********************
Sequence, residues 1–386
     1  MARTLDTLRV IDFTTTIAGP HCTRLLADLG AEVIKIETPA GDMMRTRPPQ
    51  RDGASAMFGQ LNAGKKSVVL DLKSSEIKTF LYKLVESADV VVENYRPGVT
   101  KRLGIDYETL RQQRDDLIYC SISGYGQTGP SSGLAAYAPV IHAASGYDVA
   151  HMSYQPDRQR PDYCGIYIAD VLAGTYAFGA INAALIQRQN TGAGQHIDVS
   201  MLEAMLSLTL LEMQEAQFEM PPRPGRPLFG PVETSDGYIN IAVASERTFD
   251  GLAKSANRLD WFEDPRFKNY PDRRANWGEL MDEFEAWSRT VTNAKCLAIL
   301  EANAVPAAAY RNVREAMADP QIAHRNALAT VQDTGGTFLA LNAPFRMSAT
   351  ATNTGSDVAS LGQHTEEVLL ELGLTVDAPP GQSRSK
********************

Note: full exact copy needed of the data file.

Sequence, residues 1–386
     1  MARTLDTLRV IDFTTTIAGP HCTRLLADLG AEVIKIETPA GDMMRTRPPQ
    51  RDGASAMFGQ LNAGKKSVVL DLKSSEIKTF LYKLVESADV VVENYRPGVT
   101  KRLGIDYETL RQQRDDLIYC SISGYGQTGP SSGLAAYAPV IHAASGYDVA
   151  HMSYQPDRQR PDYCGIYIAD VLAGTYAFGA INAALIQRQN TGAGQHIDVS
   201  MLEAMLSLTL LEMQEAQFEM PPRPGRPLFG PVETSDGYIN IAVASERTFD
   251  GLAKSANRLD WFEDPRFKNY PDRRANWGEL MDEFEAWSRT VTNAKCLAIL
   301  EANAVPAAAY RNVREAMADP QIAHRNALAT VQDTGGTFLA LNAPFRMSAT
   351  ATNTGSDVAS LGQHTEEVLL ELGLTVDAPP GQSRSK